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Prebiotic inulin shows glycemic benefits for diabetic women

By Stephen DANIELLS , 13-May-2013
Last updated on 13-May-2013 at 14:42 GMT2013-05-13T14:42:19Z

The potential benefits of inulin for diabetics may be via its prebiotic activity
The potential benefits of inulin for diabetics may be via its prebiotic activity

Dietary supplements of inulin may improve some glycemic measures in women when type-2 diabetes, suggests a new study.

Data published in the PubMed listed Diabetes & Metabolism Journal indicate that a daily dose of 10 grams of inulin improved plasma glucose by 8.5% and glycosylated hemoglobin by 10.4%.

In addition, levels of malondialdehyde, a marker of oxidative stress, decreased by 37%, report researchers from the Tabriz University of Medical Sciences in Iran.

The study has potential implications for the 24 million or so people living with diabetes in the US. The total costs are thought to be as much as $174 billion, with $116 billion being direct costs from medication, according to 2005-2007 American Diabetes Association figures.

Study details

The new study used high performance inulin from Sensus for the randomized, triple-blind controlled trial. Forty nine women with type-2 diabetes were randomly assigned to receive daily supplements of inulin (10 grams) or maltodextrin (control) for two months.

Results showed that, in addition to the improvements in fasting glucose, glycosylated hemoglobin, and malondialdehyde levels, the inulin supplements were also associated with increases in the subjects’ total antioxidant capacity (18.8%), as well as the activity of the antioxidant enzyme superoxide dismutase (SOD) by 4.4%, compared with the control group.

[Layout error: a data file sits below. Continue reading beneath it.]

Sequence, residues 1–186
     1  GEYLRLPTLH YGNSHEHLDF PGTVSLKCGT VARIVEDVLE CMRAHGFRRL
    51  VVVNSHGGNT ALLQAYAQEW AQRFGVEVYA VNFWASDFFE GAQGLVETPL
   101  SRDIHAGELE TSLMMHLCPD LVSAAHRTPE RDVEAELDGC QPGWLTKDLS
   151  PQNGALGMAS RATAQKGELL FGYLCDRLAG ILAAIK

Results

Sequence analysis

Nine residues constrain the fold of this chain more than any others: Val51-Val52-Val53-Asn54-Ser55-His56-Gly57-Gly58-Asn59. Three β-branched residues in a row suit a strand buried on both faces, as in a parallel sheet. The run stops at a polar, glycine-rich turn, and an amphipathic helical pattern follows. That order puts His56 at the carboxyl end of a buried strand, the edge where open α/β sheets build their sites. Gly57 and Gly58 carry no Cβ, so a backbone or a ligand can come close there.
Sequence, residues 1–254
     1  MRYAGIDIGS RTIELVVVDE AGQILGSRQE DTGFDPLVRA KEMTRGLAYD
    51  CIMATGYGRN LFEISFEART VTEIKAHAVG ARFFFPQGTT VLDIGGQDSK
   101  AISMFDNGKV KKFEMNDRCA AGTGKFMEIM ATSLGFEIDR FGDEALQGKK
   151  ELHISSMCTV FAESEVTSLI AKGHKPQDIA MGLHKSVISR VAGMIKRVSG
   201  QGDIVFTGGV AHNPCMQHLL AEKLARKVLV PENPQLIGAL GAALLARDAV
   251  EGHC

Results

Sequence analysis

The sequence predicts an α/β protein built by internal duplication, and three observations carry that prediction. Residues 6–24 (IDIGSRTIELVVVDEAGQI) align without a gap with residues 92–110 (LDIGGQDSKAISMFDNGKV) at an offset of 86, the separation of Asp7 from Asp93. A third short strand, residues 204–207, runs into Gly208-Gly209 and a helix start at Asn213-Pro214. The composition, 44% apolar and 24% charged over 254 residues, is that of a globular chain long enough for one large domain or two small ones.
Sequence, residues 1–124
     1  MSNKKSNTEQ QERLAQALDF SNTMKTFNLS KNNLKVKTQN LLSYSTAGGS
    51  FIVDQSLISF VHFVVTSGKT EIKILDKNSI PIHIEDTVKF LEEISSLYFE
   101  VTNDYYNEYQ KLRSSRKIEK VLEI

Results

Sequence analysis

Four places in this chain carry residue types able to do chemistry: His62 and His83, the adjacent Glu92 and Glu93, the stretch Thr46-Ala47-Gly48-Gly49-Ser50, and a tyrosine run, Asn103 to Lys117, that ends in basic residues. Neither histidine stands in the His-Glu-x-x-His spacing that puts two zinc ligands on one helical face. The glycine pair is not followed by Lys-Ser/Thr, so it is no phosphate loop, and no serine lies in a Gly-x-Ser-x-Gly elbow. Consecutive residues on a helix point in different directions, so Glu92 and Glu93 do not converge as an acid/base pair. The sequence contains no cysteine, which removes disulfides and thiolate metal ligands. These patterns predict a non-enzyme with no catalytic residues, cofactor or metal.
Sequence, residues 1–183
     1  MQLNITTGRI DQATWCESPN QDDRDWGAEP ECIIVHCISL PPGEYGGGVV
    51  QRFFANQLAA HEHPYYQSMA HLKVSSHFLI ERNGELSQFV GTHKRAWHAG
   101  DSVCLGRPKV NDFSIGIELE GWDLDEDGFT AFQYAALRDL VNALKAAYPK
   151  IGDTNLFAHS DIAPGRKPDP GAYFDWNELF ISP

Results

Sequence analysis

Changes in fasting insulin, homeostasis model assessment of insulin resistance, and catalase activity were not significant in the inulin group when compared with the maltodextrin group. Glutathione peroxidase activity remained unchanged in both groups.

Commenting on the potential mechanism, the researchers said that this “remain[s] unclear”. Possible mechanisms include a direct antioxidant effect. Another mechanism may be via prebiotic modifications on the gut microflora.

Safe and inexpensive

“The results of this study showed that inulin supplementation reduces body weight and improves glycemic indices, antioxidant indices, and the MDA levels in type 2 diabetes patients,” wrote the researchers.

“These findings suggest a safe and inexpensive intervention for the management of type 2 diabetes.

“Further investigations are needed in order to confirm the positive effect that inulin had on the glycemic and antioxidant indices and the MDA in type 2 diabetes patients.”

Source: Diabetes & Metabolism Journal
Volume 37, Number 2, Pages 140-148, doi: 10.4093/dmj.2013.37.2.140
“Effects of high performance inulin supplementation on glycemic control and antioxidant status in women with type 2 diabetes”
Authors: Pourghassem Gargari B, Dehghan P, Aliasgharzadeh A, Asghari Jafar-Abadi M.

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